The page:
The new chemo is a cousin of the old version – part of the same chemical family, but with enough of a different molecular structure that it will act differently in some ways. According to Dr. N, he’s had some patients for whom the new chemo was more effective, and others for whom the original was better. Given that the first 4 sessions I’ve had this fall have been only moderately successful, we are of course hoping for better results with the new drug.

So far the pattern of side effects has been similar. I received the infusion on Wednesday, and beginning mid-day Friday I started noticing the achiness in my legs. It’s hard to compare, but it’s possible that the effects are a bit stronger with the new chemo. (Of course, that could also be because I’m now on my fifth round of chemo, and the overall effects are accumulating a bit . . .)

But in one very important way the experience of the new chemo is far better! With the old chemo, I took a steroid pill the day before and day after the chemo infusion, to help reduce the side effects. But according to the protocol for the new chemo, I am now taking one low-dose pill per day, every day, until I finish this round of chemo. The primary benefit I’ve been experiencing so far is that I have far less fatigue than before!

I wouldn’t say I’m back to normal (whatever “normal” means anymore), but I haven’t felt the need lately to sleep 12 hours overnight, or take a 3-4 hour “nap” during the day. I’ve even been able to resume some short walks (10-15 minutes, but better than nothing!) and other common household activities. (This morning I joined my wife at our neighborhood farmer’s market for a bit of grocery shopping – something I hadn’t done since late last summer!)

As I write this I’m feeling a bit more fatigue; I’m assuming that’s the result of being at the low point in this particular chemo cycle. And on we continue on the chemo roller coaster . . .

An anticlimactic end to a crazy couple of weeks

I haven’t posted lately, not because there’s nothing to report, but because the situation has been pretty crazy and confused. Here’s a quick recap.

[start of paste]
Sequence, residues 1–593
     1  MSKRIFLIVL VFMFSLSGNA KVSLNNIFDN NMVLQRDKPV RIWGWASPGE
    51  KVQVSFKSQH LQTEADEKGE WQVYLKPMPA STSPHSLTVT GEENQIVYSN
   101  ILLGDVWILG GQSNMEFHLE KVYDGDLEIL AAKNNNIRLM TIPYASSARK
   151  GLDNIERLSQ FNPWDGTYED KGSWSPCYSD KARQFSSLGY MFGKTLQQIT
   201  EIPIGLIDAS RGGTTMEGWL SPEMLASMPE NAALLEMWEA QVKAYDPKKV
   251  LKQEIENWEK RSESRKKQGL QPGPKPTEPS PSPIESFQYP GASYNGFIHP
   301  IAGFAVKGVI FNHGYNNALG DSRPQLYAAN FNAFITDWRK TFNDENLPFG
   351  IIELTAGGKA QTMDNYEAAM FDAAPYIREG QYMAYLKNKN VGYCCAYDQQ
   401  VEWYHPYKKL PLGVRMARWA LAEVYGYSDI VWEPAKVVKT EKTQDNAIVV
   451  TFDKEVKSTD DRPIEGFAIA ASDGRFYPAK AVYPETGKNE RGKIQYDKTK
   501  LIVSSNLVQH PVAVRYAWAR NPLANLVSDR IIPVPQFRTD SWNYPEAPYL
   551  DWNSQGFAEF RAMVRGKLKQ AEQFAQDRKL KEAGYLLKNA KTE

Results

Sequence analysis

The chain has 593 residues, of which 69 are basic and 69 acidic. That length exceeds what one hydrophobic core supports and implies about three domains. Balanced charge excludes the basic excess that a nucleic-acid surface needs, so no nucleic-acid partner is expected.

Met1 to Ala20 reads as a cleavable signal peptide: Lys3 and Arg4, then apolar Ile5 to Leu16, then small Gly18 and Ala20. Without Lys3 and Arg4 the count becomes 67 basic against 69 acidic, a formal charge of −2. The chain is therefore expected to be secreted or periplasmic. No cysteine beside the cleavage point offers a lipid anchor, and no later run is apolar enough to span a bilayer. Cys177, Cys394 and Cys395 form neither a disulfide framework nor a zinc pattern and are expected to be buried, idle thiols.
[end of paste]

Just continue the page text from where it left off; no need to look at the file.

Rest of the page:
I had my 4th chemo session as scheduled on 12/7 (Wednesday), and Dr. N ordered another transfusion the next day because my red blood counts were low again. I had the transfusion on Thursday, and while waiting at the hospital I had a call from Nurse Jade. She told me that the PSA results from Wednesday’s blood draw had gone up significantly! The baseline PSA from the first chemo day was 458; it dropped to 336 on the second chemo day and to 288 on chemo day 3. But the chemo day 4 reading was back up to 442, almost where we started. Nurse Jade repeated what Dr. N had said before, that in evaluating the effects of the chemo they go by the scan results more than the PSA – but nevertheless the news was pretty depressing.

The main chemo side effects started as usual on Friday afternoon, reached their worst on Saturday, and eased up by Monday. Tuesday I went up to Dr. T’s office for the CT scan that was to evaluate the change in the tumors since September (before the chemo began). The scan itself went fine, although I was pretty exhausted the rest of the day. Not sure what brought that on – probably a combination of a later breakfast than usual (since I had to fast before the scan), plus  the barium and/or the iodine they gave me for the scan, plus an unusually hard drive home (although Dr. T’s office is only about 15 minutes away, the freeway was closed when I returned home, and I spent about 45 minutes in bumper-to-bumper traffic).